Exodus 17:8-13, the traditional Torah reading for the morning of Purim, tells the story of the attack of Amalek on the nation of Israel less than two months after the Exodus from Egypt. Amalek was a nomadic group of tribes that inhabited the Negev and Sinai Peninsula and appears to have relied on seasonal migrations and raiding expeditions for sustenance. The Amalekite attack is unprovoked and occurs in a location called Rephidim, in the vicinity of Mount Sinai. According to the biblical timetable, the war takes place shortly before the Revelation on Mount Sinai.
A close reading of the biblical account reveals that the Hebrew root yad, hand, is a key word in the Amalek story. For example, in Exodus 17:9, Moses charges Joshua to fight Amalek in the field while he ascends the hill with the staff of God in his hand. Later, the progress of the battle is described in light of the experience of Moses’ hands.
“And it came to pass, when Moses held up his hand, that Israel prevailed; and when he let down his hand, Amalek prevailed. But Moses’ hands were heavy; and they took a stone, and put it under him, and he sat thereon; and Aaron and Hur stayed up his hands, the one on the one side, and the other on the other side; and his hands were steady until the going down of the sun.” (Exodus 17:11-12)
Why the emphasis on Moses’ hands in the Amalek narrative? And why the switch from a description of Moses’ hand in the singular in verse 11 to Moses’ hands in the plural in verse 12?
In the initial stages of the battle, Moses charges Joshua to fight the enemy actively while he ascends the hill with the staff of God. Apparently, at this juncture Moses saw two possible paths to victory. Victory might come, as it had at the splitting of the Red Sea, through a supernatural miracle brought forth by Moses’ extending the staff of God in his hand. But victory might also come through the military talents of Joshua, the future conqueror of the land of Canaan. And so, as a prudent leader should, Moses prepared for both possibilities. He sent Joshua to the battlefield while he – Moses – ascended the hill with the rod that had in the past brought forth supernatural miracles.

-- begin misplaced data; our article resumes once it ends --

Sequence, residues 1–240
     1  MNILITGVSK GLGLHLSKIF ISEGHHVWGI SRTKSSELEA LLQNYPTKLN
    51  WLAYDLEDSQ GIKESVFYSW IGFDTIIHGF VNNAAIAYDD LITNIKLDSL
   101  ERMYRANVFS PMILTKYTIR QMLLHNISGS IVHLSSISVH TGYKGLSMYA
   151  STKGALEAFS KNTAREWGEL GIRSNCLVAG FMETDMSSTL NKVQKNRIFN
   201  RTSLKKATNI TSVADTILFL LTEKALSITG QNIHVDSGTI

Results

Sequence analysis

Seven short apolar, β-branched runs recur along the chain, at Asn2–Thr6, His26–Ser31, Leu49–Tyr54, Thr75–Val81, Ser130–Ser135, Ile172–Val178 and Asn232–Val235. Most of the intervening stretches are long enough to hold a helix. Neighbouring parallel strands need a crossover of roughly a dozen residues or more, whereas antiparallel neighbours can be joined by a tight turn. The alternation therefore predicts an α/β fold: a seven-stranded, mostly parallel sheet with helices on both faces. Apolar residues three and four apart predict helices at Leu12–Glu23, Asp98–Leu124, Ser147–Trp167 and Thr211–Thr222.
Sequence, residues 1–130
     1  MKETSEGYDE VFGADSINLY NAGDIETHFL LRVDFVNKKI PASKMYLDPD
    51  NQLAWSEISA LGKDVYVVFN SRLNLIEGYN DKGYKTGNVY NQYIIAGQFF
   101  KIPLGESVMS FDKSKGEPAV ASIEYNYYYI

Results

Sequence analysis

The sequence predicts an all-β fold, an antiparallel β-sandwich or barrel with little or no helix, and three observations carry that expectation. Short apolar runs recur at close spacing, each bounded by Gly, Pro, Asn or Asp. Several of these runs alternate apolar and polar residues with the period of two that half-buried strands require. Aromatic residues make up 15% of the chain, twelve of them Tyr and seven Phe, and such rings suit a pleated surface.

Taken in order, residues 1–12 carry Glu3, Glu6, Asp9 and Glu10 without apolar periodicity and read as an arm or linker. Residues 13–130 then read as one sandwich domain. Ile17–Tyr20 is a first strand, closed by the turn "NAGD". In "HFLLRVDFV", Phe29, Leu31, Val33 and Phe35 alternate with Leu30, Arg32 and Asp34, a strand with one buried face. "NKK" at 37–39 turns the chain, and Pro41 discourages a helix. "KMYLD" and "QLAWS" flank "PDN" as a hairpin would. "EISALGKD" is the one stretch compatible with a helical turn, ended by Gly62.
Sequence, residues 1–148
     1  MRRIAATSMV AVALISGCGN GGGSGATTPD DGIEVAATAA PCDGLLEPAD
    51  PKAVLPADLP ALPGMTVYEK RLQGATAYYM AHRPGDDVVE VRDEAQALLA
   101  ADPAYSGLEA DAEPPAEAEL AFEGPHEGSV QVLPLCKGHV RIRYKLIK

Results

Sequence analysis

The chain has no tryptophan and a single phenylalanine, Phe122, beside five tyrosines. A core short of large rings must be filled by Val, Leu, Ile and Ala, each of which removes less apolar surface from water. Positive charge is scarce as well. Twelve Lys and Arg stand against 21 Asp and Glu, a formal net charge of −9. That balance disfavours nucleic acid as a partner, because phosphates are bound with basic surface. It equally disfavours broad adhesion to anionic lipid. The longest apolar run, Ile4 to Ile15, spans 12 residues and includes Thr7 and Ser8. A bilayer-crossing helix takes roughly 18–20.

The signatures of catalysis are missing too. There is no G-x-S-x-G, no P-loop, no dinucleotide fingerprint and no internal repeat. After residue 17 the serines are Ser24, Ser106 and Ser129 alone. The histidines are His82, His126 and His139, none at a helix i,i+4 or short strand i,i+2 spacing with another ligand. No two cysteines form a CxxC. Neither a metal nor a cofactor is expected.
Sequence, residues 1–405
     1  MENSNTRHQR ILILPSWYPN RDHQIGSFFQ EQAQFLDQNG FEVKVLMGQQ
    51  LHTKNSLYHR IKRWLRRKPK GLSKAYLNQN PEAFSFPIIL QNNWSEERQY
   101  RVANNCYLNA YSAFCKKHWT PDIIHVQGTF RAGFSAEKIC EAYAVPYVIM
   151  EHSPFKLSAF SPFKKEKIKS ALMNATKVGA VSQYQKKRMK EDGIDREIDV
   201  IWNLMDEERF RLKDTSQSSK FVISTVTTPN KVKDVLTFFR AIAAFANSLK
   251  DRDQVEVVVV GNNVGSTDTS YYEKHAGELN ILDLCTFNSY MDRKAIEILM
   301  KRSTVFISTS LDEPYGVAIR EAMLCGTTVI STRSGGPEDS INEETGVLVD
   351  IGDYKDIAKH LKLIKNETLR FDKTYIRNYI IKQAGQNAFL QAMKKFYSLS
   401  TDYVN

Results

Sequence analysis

Once the battle began, Moses realized that no miracle was forthcoming from the staff of God in his hand. But the raising of Moses’ hand was nonetheless affecting the course of the war. The Talmud in Rosh Hashanah 29a understands this as follows:
“And when Moses held up his hand, Israel prevailed…
“Now did the hands of Moses make or break the war?
“Not so. Rather, the text signifies that so long as Israel directed their thoughts above and subjected their hearts to their Father in heaven, they prevailed; otherwise, they would fall.”
The Talmudic conception of Moses’ role as that of a human leader who inspires his people during a natural war rather than as the performer of an overt miracle is consistent with the text as whole. In the war of Amalek there is no command by God to perform a miracle. Furthermore, the text deliberately emphasizes that Moses is subject to ordinary human frailties. His hands grew heavy. He needed to sit on a stone. And he needed the support of Aaron and Hur on each side so that his hands might remain steady until sunset.
The Talmudic premise that Moses’ hands symbolize his inspiration may help us understand the textual switch from Moses’ hand in the singular to his hands in the plural. This change represents Moses’ redefinition of his own leadership role during the war of Amalek. Moses realized that his task was not to effect a miracle by brandishing a rod with a dramatic gesture but to draw the thoughts of Israel consistently toward heaven. And so, he raised both hands, keeping them “steady until the sun set.”